Modeling shading with the use of LiDAR for harvesting solar energy in the city of Kingston, Ontario, Canada
Levinson and Gupta (2008): Estimating solar access of typical residential rooftops: A case study in San Jose, CA presents a complete guidance for estimating the shadows cast by tress and buildings on rooftop PV systems. The process encompasses processing LiDAR data to get surface and ground elevation model (DSM and DEM), extracting urban land use classes, applying irradiation models on the features and modeling the shadows with time. If anything, this should be the core paper for the thesis. However a few modifications/ additions are forthcoming:
(i) a parallel workflow between indistrial use ArcGIS and open source GRASS LiDAR tools. The extraction of roof/ trees and calculation of their heights are further detailed in Kessner et al: Analysis of the solar potential of roofs by using official LiDAR data, Jochem et al: Automatic Roof Plane Detection and Analysis in Airborne Lidar Point Clouds for Solar Potential Assessment, Clayton Crawford's tutorial and  --- to be understood and tried out by July 7th
(ii) recommended usage of the Perez et al model over the HDKR model to calculate the ration between irradiance on inclined planes to that on horizontal surfaces(with suggestions and codes from Rob and Amir (Ma and Iqbal (1983): Statistical comparison of models for estimating solar radiation on inclined surfaces, Feuermann and Zemel (1992): Validation of models for global irradiance on inclined planes, Remund et al (2003): Chain of algorithms to calculate advanced solar parameters and Duffie & Beckman (1991))
(iii) an overview of different softwares for modeling shading and solar feature (roof) extraction. the two candidates are CH2M Hill's Solar Automated Feature Extraction and the open source Radiance version 4.0 (http://www.radiance-online.org/)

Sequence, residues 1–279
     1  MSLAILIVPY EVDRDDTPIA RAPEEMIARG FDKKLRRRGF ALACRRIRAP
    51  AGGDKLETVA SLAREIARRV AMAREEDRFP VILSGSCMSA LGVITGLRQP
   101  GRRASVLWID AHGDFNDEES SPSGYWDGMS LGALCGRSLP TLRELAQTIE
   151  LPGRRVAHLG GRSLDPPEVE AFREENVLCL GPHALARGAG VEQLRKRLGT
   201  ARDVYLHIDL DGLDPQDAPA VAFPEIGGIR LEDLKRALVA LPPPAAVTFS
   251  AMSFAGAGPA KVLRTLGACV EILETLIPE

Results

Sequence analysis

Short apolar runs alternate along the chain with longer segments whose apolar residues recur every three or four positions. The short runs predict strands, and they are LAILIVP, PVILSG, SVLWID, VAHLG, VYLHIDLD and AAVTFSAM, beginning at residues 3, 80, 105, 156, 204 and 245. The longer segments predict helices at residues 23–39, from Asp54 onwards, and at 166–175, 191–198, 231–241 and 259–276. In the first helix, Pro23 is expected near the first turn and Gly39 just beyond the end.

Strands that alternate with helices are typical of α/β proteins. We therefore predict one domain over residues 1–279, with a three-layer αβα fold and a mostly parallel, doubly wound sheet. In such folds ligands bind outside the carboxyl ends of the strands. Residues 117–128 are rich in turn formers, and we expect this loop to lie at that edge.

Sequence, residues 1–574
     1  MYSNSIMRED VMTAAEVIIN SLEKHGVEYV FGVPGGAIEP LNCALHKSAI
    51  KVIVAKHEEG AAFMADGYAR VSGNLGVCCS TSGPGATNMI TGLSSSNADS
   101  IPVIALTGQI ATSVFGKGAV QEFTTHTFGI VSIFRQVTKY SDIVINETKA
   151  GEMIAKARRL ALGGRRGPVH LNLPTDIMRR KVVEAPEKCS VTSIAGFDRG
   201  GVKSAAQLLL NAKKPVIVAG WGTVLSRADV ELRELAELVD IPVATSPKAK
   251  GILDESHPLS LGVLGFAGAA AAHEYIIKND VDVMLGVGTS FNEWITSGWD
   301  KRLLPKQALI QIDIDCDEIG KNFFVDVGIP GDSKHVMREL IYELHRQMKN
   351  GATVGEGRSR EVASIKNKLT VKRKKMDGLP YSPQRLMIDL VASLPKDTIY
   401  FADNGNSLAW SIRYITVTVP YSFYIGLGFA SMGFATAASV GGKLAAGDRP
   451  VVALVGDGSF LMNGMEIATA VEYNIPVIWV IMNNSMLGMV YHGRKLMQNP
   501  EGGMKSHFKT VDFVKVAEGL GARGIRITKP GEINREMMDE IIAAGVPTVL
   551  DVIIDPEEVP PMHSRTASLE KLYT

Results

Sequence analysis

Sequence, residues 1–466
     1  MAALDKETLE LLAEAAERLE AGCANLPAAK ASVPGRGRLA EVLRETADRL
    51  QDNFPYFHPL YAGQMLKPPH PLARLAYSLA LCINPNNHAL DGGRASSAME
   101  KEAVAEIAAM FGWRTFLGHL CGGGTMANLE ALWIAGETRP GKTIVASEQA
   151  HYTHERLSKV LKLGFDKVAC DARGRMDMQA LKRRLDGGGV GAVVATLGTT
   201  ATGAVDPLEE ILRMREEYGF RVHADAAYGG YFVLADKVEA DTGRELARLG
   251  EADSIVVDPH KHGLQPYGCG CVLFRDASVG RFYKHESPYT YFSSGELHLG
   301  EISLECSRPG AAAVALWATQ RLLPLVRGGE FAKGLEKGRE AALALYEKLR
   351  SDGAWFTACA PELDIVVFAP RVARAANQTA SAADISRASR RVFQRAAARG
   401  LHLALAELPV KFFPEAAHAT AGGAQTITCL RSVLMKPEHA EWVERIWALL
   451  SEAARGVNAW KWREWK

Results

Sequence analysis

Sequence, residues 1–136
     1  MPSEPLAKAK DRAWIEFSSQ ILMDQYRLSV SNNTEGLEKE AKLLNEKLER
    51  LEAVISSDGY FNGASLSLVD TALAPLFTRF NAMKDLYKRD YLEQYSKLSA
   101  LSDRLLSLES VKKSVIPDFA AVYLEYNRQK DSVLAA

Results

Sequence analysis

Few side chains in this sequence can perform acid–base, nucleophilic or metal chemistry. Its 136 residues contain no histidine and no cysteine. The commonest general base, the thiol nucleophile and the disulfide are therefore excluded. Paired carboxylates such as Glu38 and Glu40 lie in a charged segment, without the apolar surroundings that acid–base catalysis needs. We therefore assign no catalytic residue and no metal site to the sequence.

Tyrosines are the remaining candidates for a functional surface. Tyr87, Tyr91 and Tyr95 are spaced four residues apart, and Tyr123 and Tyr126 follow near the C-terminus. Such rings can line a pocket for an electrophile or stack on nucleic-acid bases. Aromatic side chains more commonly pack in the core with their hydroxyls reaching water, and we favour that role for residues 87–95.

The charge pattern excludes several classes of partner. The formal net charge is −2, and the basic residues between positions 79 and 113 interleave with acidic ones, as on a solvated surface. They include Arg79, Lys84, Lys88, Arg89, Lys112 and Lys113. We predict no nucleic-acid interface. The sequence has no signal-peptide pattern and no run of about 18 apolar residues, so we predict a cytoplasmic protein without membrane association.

(iv) the application of shading not just to PV system but also to cooling and heating loaf --> the heat island effect
Kassner et al (2008): Analysis of the solar potential of roofs by using official LiDAR data provides a concise account of analyzing the solar potential of roof, from the justification of the research to the technique used. The test area encompasses 13 buildings in the campus of the University of Cologne, Germany. The LiDAR data is filtered by way of exclusion using roof outlines as masks and then by a height threshold of 3m. Their advantage lies in the possession of high quality roof outlines, which represent the real shape and size of the roof. Our data, which is cadastral in nature, belong to the wider group. Roof planes were generated using raster interpolation and segmented using the rules of thumbs of solar PV evaluation (azimuth, aspect, tilt). They used the Hillshade function for model shading and so will we. However they did not run into the problem of separating trees and roofs, which can be explained from the fact that the test site is a campus, not residential.